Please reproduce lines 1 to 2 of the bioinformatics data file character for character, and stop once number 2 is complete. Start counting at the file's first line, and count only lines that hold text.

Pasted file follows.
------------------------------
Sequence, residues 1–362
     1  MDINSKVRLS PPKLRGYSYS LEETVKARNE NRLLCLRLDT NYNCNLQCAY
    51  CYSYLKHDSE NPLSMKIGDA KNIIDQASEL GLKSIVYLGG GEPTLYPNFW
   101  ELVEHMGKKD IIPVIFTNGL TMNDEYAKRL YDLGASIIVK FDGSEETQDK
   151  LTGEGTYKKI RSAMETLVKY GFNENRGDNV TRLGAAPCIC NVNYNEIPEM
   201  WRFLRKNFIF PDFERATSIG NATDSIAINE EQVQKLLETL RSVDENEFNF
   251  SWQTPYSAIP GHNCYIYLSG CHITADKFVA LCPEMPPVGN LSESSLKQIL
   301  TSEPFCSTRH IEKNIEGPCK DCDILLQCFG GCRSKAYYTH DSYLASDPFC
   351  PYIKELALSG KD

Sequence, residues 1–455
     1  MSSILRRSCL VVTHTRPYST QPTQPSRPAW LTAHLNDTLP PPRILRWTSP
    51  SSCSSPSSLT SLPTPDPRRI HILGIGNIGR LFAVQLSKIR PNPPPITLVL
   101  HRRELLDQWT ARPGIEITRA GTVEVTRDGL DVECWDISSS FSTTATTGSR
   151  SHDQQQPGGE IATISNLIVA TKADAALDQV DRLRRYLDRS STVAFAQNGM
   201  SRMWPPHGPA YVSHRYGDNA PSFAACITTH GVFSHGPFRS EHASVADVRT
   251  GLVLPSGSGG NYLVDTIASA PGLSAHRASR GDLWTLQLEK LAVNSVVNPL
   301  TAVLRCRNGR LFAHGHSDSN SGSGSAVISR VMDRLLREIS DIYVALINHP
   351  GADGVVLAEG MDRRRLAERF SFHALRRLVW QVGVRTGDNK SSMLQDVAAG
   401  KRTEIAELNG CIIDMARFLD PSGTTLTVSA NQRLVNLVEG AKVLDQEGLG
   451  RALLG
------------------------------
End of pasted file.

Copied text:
Sequence, residues 1–362
     1  MDINSKVRLS PPKLRGYSYS LEETVKARNE NRLLCLRLDT NYNCNLQCAY